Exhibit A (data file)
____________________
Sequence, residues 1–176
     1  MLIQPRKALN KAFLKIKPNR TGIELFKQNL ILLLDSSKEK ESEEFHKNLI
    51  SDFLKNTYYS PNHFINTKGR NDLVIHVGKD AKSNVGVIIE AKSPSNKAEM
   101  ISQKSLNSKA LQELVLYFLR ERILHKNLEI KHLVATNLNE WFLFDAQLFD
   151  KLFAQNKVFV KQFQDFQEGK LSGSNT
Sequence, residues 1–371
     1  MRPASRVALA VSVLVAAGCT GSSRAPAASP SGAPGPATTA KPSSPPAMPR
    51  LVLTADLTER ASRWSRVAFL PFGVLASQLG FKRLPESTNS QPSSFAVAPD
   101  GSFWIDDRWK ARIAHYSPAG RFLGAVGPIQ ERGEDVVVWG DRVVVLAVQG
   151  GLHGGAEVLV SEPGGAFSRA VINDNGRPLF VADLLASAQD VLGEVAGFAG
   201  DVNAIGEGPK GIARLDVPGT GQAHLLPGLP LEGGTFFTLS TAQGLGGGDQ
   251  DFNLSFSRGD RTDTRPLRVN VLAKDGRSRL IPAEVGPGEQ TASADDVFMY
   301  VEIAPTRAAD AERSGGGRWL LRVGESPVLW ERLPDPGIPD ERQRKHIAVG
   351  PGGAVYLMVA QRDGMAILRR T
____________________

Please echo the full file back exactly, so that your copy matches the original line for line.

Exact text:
Sequence, residues 1–176
     1  MLIQPRKALN KAFLKIKPNR TGIELFKQNL ILLLDSSKEK ESEEFHKNLI
    51  SDFLKNTYYS PNHFINTKGR NDLVIHVGKD AKSNVGVIIE AKSPSNKAEM
   101  ISQKSLNSKA LQELVLYFLR ERILHKNLEI KHLVATNLNE WFLFDAQLFD
   151  KLFAQNKVFV KQFQDFQEGK LSGSNT
Sequence, residues 1–371
     1  MRPASRVALA VSVLVAAGCT GSSRAPAASP SGAPGPATTA KPSSPPAMPR
    51  LVLTADLTER ASRWSRVAFL PFGVLASQLG FKRLPESTNS QPSSFAVAPD
   101  GSFWIDDRWK ARIAHYSPAG RFLGAVGPIQ ERGEDVVVWG DRVVVLAVQG
   151  GLHGGAEVLV SEPGGAFSRA VINDNGRPLF VADLLASAQD VLGEVAGFAG
   201  DVNAIGEGPK GIARLDVPGT GQAHLLPGLP LEGGTFFTLS TAQGLGGGDQ
   251  DFNLSFSRGD RTDTRPLRVN VLAKDGRSRL IPAEVGPGEQ TASADDVFMY
   301  VEIAPTRAAD AERSGGGRWL LRVGESPVLW ERLPDPGIPD ERQRKHIAVG
   351  PGGAVYLMVA QRDGMAILRR T